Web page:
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BREAKING: Supreme Court Backs Religious Challenge to Cuomo’s Virus Shutdown Order

Justin Haggerty | The Daily Knight


Justice Amy Coney Barrett played a decisive role in the decision, ruling 5 to 4, which took the opposite approach of earlier rulings related to challenges against coronavirus restrictions in California and Nevada.

Roman Catholic Church in NYC (Pew Research Center)

WASHINGTON D.C. — The Supreme Court late Wednesday night barred restrictions on religious services in New York that Gov. Andrew M. Cuomo had imposed to combat the coronavirus.


The vote was 5 to 4, with Chief Justice John G. Roberts Jr. and the court’s three liberal members in dissent. The order was the first in which the court’s newest member, Justice Amy Coney Barrett, played a decisive role.


The court’s ruling was at odds with earlier ones concerning churches in California and Nevada. In those cases, decided in May and July, the court allowed the states’ governors to restrict attendance at religious services.


In an unsigned opinion, the majority said Mr. Cuomo’s restrictions violated the First Amendment’s protection of the free exercise of religion.


Justice Neil M. Gorsuch, in his written opinion, wrote that Mr. Cuomo had treated secular entities and activities more favorably than religious ones, asserting that "It is time — past time — to make plain that, while the pandemic poses many grave challenges, there is no world in which the Constitution tolerates color-coded executive edicts that reopen liquor stores and bike shops but shutter churches, synagogues and mosques."


The Supreme Court's ruling addressed two challenges: one filed by the Roman Catholic Diocese of Brooklyn, the other by two synagogues, an Orthodox Jewish organization and two individuals. The legal applications both said Mr. Cuomo’s restrictions violated constitutional protections for the free exercise of religion, and the one from the synagogues added that Mr. Cuomo had “singled out a particular religion for blame and retribution for an uptick in a society wide pandemic.”


Attorneys for the diocese questioned “the fluid nature of these modifications and the curious timing of the governor’s latest modification,” and they urged the court to decide the case notwithstanding the revisions.


In his dissenting opinion, Chief Justice Roberts, who continues to rule against the constitutional protections for religious liberties, wrote that the court had acted rashly, claiming that while the “numerical capacity limits of 10 and 25 people, depending on the applicable zone, do seem unduly restrictive...,it is not necessary, however, for us to rule on that serious and difficult question at this time.”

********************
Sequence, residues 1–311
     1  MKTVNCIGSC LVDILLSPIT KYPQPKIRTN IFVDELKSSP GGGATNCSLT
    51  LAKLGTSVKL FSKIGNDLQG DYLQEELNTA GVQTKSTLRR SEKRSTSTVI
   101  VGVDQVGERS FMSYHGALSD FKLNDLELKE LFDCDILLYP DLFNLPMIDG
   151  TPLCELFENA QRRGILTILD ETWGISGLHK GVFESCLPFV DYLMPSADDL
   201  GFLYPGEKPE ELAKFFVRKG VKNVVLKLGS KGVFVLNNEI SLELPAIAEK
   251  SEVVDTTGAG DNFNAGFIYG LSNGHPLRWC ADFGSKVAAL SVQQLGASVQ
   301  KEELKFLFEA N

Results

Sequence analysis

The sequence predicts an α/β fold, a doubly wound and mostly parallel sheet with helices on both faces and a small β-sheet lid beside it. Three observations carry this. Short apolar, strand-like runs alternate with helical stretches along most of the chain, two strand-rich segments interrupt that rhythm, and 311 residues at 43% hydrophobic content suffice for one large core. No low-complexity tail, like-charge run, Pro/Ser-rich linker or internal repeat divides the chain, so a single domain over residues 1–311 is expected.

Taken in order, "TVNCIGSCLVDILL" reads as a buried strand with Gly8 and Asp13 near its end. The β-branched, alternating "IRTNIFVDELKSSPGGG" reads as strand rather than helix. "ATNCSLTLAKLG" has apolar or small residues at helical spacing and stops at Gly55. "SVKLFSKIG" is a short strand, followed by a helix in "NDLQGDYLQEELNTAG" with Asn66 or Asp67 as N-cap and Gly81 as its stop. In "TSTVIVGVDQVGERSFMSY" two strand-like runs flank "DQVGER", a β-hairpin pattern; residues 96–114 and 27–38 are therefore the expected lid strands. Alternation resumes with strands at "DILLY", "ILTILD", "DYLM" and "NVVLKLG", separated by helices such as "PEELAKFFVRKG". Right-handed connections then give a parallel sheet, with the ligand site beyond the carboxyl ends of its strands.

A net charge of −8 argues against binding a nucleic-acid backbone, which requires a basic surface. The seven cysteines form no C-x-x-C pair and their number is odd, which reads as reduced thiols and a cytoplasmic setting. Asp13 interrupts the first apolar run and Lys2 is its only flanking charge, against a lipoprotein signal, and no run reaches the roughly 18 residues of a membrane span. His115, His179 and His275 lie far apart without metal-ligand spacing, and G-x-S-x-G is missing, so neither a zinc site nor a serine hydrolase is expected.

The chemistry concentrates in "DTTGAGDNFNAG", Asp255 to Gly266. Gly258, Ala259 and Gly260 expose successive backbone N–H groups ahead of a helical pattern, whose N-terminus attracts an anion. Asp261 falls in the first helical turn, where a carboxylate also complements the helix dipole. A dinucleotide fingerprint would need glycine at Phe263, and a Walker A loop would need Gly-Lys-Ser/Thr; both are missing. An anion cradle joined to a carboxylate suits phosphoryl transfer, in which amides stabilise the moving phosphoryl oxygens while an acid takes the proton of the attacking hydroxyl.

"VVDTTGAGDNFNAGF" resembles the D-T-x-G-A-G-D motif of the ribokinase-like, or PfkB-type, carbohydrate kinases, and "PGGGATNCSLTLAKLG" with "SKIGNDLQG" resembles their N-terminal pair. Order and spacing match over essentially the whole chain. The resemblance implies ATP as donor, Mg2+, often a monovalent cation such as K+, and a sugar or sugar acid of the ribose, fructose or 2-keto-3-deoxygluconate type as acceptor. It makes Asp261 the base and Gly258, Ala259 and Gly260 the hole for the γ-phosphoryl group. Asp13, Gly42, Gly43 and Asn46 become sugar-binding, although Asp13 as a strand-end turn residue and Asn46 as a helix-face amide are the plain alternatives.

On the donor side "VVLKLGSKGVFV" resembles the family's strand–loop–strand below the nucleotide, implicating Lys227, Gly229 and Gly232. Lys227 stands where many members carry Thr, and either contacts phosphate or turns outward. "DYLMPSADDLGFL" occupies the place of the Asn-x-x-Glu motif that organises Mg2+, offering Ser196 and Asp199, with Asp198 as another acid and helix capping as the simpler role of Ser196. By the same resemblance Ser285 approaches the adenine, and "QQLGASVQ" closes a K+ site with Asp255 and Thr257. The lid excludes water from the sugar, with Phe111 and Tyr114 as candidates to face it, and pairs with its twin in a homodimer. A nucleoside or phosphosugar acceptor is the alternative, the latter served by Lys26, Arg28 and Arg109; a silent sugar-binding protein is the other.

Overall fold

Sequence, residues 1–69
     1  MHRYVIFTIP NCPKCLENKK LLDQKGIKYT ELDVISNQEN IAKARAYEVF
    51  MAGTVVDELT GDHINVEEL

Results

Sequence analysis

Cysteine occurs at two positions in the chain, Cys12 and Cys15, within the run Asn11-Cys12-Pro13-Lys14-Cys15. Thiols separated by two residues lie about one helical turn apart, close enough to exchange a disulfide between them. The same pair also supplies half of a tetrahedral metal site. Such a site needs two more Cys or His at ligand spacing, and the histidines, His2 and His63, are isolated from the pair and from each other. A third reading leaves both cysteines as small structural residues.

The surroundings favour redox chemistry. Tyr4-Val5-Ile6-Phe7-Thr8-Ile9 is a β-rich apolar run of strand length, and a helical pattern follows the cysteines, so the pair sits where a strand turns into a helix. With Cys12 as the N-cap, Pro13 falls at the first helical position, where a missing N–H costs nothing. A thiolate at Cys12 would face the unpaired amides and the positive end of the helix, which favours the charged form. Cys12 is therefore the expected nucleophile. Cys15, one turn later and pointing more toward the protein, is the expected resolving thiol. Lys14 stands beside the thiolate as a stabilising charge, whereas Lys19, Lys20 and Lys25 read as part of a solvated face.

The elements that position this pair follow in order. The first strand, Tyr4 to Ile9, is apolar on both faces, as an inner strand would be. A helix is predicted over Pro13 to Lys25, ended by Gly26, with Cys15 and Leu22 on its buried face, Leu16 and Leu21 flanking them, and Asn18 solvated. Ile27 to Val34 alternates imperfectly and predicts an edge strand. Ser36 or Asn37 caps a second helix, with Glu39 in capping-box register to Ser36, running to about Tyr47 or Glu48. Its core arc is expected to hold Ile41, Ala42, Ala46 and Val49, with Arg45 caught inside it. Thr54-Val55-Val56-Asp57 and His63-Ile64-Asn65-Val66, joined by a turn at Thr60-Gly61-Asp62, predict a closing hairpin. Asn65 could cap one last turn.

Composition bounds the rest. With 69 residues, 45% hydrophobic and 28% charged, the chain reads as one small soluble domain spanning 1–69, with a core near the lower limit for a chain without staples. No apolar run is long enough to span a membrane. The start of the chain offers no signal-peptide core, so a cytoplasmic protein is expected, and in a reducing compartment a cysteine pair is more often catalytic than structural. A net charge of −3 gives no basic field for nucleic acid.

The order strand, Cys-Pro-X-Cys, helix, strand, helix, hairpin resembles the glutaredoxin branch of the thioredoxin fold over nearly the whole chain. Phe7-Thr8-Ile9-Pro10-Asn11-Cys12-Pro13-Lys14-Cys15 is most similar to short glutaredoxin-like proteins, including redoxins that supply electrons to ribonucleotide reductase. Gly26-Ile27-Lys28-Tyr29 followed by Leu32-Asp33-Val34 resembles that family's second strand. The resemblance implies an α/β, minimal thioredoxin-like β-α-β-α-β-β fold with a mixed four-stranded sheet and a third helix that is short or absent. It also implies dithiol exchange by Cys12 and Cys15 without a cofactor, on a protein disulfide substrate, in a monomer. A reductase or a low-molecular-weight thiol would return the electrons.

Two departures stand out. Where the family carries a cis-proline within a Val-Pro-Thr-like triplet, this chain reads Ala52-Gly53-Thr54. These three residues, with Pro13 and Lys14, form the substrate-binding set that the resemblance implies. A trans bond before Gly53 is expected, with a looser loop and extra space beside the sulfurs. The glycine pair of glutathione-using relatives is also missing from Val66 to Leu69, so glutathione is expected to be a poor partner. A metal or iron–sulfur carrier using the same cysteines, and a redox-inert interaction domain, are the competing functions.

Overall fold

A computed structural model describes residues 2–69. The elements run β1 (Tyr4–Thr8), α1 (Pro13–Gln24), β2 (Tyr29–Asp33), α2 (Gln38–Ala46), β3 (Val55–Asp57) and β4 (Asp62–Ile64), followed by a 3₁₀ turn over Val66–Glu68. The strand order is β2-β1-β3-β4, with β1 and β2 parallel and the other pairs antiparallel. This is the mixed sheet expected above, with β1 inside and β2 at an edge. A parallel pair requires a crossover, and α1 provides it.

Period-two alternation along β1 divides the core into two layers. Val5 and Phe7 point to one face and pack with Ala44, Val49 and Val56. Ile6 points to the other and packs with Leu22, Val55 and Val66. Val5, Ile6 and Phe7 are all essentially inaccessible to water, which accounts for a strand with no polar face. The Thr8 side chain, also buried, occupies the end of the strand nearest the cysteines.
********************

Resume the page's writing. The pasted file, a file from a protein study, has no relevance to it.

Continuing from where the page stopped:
In a second dissent, Justice Sonia Sotomayor, joined by Justice Elena Kagan, both appointed by President Barack Obama, argued that “states may not discriminate against religious institutions, even when faced with a crisis as deadly as this one. But those principles are not at stake today.”


It appears in the dissent that the government's restrictions were not severe enough to infringe on religious liberties; in fact, according to their decision, the "larger question in the two cases was whether government officials or judges should strike the balance between public health and religious exercise."


This ruling arrives after Justice Samuel A. Alito Jr.'s recent speech to a conservative legal group, where he argued that the courts had an "important role to play in protecting religious freedom, pandemic or no."


“Whenever fundamental rights are restricted, the Supreme Court and other courts cannot close their eyes,” Justice Alito asserted, dissenting from the view that “whenever there is an emergency, executive officials have unlimited, unreviewable discretion.”


After failure in appeal, the Supreme Court was requested to step in, attorneys for the diocese argued that its “spacious churches” were safer than many “secular businesses that can open without restrictions, such as pet stores and broker’s offices and banks and bodegas.” An hourlong Mass, the diocese’s brief said, is “shorter than many trips to a supermarket or big-box store, not to mention a 9-to-5 job.”


Indoor religious services, Barbara D. Underwood, New York’s solicitor general wrote, “tend to involve large numbers of people from different households arriving simultaneously; congregating as an audience for an extended period of time to talk, sing or chant; and then leaving simultaneously — as well as the possibility that participants will mingle in close proximity throughout.”



In Christ Crucified and the Most Victorious Heart of Jesus.

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